The Guineveres: A Novel

  • By Sarah Domet
  • Flatiron Books
  • 352 pp.

This promising debut with a curious premise doesn’t quite deliver.

“What’s in a name?” inquiring minds through the ages have mused. In Sarah Domet’s debut novel, The Guineveres, the answer is “everything,” apparently. Guinevere is the unlikely, shared name that unites four girls in their unhappy circumstances. The journey in the book is to discover whether it’s enough to hold them together.

The story opens with an achingly painful premise: Separately, each girl was dropped off, “delivered unto the cool foyer of the convent and into the care of Sister Fran. Each of us had our own story. Usually, our parents whispered that they loved us; they told us to behave. Our mothers gave us lipstick kisses on our cheeks, or our fathers said they hoped someday we’d understand. Then they drove away for good, up the one-lane drive and into a world that was easier without children. They all had their reasons.”

We’re introduced to Vere, Ginny, Gwen, and Win during their unlikely attempt to escape the Sisters of the Supreme Adoration convent inside of a holy parade float. They are desperate to get away, to somehow reunite with their truant parents, forgive them, and start over. When they are inevitably busted by coolly efficient, no-nonsense Sister Fran, their punishment is to help out in the convent’s terminal care and convalescent wing.

It’s here that the girls meet their fate, in the form of four injured, comatose, anonymous soldiers brought to the convent due to the lack of other facilities — just one of many shortages brought about by the War. Eventually, each girl ends up adopting one of the soldiers as her own, believing that if she can nurse him back to consciousness and identity, she will be hailed as a miracle worker and whisked out of the nunnery by the boy’s grateful family.

Interestingly, the timeframe of the story is never actually pinned down. At times, it seems certain that “the War” must be World War II, given the sense of enormity and demand for shared sacrifice with which it’s described.

On the other hand, the feeling imparted by the characters, their dialogue, and other details seems of a different era, as though this is actually the Vietnam War. It may be that Domet was going for a sense of timeless universality to underscore the convent as a place out of time.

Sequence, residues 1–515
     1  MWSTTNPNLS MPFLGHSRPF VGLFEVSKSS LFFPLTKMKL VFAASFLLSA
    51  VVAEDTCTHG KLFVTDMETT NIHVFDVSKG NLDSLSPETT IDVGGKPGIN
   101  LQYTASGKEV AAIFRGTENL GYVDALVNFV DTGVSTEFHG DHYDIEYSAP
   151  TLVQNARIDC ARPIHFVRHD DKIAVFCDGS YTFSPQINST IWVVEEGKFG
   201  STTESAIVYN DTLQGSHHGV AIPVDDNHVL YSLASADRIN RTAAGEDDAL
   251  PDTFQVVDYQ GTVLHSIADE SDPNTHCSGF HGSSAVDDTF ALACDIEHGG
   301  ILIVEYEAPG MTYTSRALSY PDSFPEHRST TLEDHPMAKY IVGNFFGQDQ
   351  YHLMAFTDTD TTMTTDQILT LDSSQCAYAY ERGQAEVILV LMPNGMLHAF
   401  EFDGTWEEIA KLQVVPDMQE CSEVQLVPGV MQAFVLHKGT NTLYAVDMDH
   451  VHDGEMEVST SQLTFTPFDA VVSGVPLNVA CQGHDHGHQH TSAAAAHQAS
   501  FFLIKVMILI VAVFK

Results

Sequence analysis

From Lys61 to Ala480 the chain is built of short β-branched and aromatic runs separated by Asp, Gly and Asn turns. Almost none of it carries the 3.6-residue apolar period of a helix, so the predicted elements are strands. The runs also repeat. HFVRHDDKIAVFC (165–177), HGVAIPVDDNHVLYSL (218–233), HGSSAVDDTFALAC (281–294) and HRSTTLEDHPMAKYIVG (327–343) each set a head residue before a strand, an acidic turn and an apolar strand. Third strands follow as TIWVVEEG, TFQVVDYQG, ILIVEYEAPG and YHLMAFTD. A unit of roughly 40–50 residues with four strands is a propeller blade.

Though each girl eventually shares her backstory with us, it seems clear that they don’t share those stories with each other. More problematic is that rather than breathing real life and depth into her characters, Domet often treats them as caricatures, painting the girls, Sister Fran, and others with a broad and heavy-handed narrative brush.

Gwen in particular gets eye-rolling treatment as the selfish and self-absorbed beautiful girl of easy virtue. Domet gives her perhaps the most shattering backstory, but then treats her almost dismissively. I would have expected the author to handle her characters with more care and attention.

There are elements of lovely writing throughout that measure up to the promise of that first page. Domet sprinkles in descriptions of the lives of saints, all women, each of whom represents an eye-popping object lesson in sacrifice that, undoubtedly, Sister Fran wishes to impart to her always possibly wayward girls.

But where it really counts, the novel is missing the depth and nuance that would have transformed an interesting story into a deeply felt story. Vere, who remains a cypher even after we finally learn her background, is recounting this story from the perspective of knowing the ending, but that knowledge never infuses the story she’s telling.

It’s a delicate balance for an author to have an adult tell the story of her adolescent self, to effectively capture the naiveté and lack of perspective in that moment, while still imbuing the recollection with some of the understanding the character has garnered over the years.

As Vere tells us, “We cling to the most painful reminders of our youth, our memories or our injuries, perhaps so we can look back to our former selves, console them, and say: Keep going. I know how the story ends.” Domet tells us; it would have been more powerful for her to show us.

Jennifer Bort Yacovissi’s debut novel, Up the Hill to Home, tells the story of four generations of a family in Washington, DC, between the Civil War and the Great Depression. Jenny is a member of PEN/America and the National Book Critics’ Circle, and reviews regularly for both the Independent and the Historical Novels Review of the Historical Novel Society. She is serving as chair of the 2017 and 2018 Books Alive! writers’ conference, and is president of the Annapolis chapter of the Maryland Writers’ Association.

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